I’m a ‘back of the pack’ runner, and it’s taken me two years to feel okay with that.

Going back to my high school days, which (dare I say it) was 20-odd years ago now, I was a star pupil with my after-school activity, spending every minute and every hour dedicating myself to training and later teaching the art form of Tae Kwon Do.

At the age of 15, I was used to being top of the class – winning the medals and trophies, breaking the thickest boards and dreaming of one day competing in the Olympics.

I was fit, I was fast, I was a machine.

But oh how life changes and 20 years later, I’m no longer fit, no longer fast, and certainly not by any means a machine.

Over the past two years since giving birth to my daughter in late 2013, first beginning with parkrun and then discovering Running Mums Australia, I’d developed a love and enjoyment for running – since that moment I placed her in my bright yellow running pram, the aim was to get back into shape and at least feel like I was gaining ground.


Perth Half 2014 – At my heaviest and at my first half marathon, where I came last.

I remember not even being able to make it to the end of my street, a mere 50-metres, without huffing and puffing and needing to walk.

Although I’ve improved since that day, I’m still a slow runner, averaging a pace of anywhere between eight or 10 minutes per kilometre, and for the life of me, it’s incredibly hard to quicken the pace (it could have everything to do with me despising HIIT training so much that no one can get me doing it).

Despite the slow trot I’m known for with my running buddies, it hasn’t stopped me from entering fun runs and aiming for longer and longer distances – my first half was on August 10, 2014 at the Perth Half Marathon and I was last to cross the finish line – in a whopping 3:22:44.


Australia Day Ultra 2016 – At my first 25kms event, where I came last again.

It was incredibly demoralising at the time – most of the aid stations had packed up by the time I’d reached them, and I was accompanied by the tail-cyclist who constantly offered me a banana and would speed off to the public toilets to top up her water bottle for me; by the time I crossed that finish line, most everyone had packed up and gone home – I never even got a finishing line photo for my first half marathon.

However since then, because I’m as stubborn as mules come, I’d done four half marathons and then taken it one step further by doing three 25kms races – and in each and every single one of those, I’ve been last to cross the finish.

Those fun runs, it’s important to note, are not events like the City 2 Surf where more than 20,000 people are participating; no, these are small, independent races where there are no more than 200 runners and I not only personally know the organisers through the running community, but I run with and know about 150 of the participants.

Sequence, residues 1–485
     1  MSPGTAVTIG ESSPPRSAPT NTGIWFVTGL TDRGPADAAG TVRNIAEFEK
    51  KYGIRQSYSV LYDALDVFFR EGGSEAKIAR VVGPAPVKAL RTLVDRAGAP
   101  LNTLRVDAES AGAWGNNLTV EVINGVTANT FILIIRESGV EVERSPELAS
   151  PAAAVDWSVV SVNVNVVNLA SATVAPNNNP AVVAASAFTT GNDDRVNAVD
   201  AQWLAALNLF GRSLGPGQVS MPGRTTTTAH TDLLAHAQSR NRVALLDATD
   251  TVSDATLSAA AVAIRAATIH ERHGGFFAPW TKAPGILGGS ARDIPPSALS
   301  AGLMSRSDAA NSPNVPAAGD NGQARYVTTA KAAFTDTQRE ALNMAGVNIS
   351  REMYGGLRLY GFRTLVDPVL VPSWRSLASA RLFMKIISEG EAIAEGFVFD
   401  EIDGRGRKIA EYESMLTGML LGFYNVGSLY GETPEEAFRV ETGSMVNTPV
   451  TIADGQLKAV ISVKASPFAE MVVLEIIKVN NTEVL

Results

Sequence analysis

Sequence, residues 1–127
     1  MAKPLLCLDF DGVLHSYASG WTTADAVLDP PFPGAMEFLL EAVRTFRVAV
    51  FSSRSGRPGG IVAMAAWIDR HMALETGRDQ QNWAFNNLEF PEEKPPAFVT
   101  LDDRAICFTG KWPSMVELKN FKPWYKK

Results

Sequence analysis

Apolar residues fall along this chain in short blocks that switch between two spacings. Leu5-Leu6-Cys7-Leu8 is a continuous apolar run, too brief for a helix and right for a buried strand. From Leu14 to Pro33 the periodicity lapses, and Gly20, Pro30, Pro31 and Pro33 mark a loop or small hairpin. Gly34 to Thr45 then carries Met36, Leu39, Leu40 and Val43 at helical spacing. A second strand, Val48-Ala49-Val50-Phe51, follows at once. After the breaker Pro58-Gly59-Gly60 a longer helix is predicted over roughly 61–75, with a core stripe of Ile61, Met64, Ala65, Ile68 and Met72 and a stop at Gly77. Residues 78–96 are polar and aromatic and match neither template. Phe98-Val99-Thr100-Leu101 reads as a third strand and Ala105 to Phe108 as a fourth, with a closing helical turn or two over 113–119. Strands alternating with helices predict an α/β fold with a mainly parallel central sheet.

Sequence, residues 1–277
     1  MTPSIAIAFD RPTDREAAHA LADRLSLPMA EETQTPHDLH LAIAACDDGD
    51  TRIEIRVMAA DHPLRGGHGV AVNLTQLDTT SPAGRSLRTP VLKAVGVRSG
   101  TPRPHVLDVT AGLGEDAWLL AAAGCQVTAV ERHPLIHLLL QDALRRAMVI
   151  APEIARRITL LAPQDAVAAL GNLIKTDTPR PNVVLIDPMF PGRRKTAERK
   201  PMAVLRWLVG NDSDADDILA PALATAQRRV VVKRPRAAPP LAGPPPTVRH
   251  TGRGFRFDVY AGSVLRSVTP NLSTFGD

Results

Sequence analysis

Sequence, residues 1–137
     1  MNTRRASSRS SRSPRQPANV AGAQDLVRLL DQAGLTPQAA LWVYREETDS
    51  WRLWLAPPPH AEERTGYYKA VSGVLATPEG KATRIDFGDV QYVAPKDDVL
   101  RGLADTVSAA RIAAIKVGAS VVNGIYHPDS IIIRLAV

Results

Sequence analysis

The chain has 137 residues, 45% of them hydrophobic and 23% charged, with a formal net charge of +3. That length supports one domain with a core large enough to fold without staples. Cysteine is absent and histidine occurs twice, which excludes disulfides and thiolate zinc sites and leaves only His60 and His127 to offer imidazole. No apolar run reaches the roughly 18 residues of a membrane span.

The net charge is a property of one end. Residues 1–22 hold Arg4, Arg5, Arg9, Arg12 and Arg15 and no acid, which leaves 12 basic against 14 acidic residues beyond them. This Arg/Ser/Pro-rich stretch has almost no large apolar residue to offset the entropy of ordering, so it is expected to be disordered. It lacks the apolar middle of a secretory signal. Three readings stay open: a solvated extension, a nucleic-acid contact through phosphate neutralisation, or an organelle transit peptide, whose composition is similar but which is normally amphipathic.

And if it weren’t for all those runners, I wouldn’t be entering these events like the Feral Pig Ultra or Lark Hill Ultra, because although I’m last, the support I get from everyone is astounding.

Being ‘not of the weight I want’ makes running physically harder as it is and it can also be incredibly disheartening if, for example like in the Lark Hill Ultra, where runners do 3kms laps, I’m on lap two and everyone else is finishing lap four or five.

I could easily let it get to me, let the mental game get harder and fight me tooth and nail, but you know what? Every time a runner passes me, I get more ‘keep going’s, more ‘almost there’s and more ‘you’re doing great, keep it up’s then I’d ever hoped for, and without my fellow runners, I don’t think I could ever finish a race.

One of the things that will forever remain engrained in my head is something a friend said to me after my first half – ‘I have so much respect for those slogging it out for hours on end just trying to finish, they’re champions in their own right through and through.’


Feral Pig Ultra 2016 – My third 25kms event this past July, where yet again, I came in last out of 200 participants across the board.

And those frontrunners who speed past in laps or on out and back courses, my goodness they inspire me to be better; a lot of times, in lap races, they’ll slow down their own pace and hang with me for a bit, and this is probably the most treasured gift they give me – because it’s where I get tips from them on how to keep going, if my form is good, and the ever important ‘I’ll see you cross the finish line, Kate! I’ll be waiting!’

Ultimately sure, I’d like to not be last, but I’ve come to learn that it’s not the end of the world if I do; it’s become a ritual to check cut-off times every time I want to enter a race so I don’t feel bad if volunteers are still out there waiting for me.

I don’t think I’ll ever get any faster; maybe cutting 20 minutes off my time will be the closest I’ll get to speeding up my pace but I’m quite happy letting everyone pass me by as I plod along.

I might not go to the Olympics and I might never ever get a podium finish, but I have two legs that work and am grateful I can move them – because a lot of people on this planet don’t have that.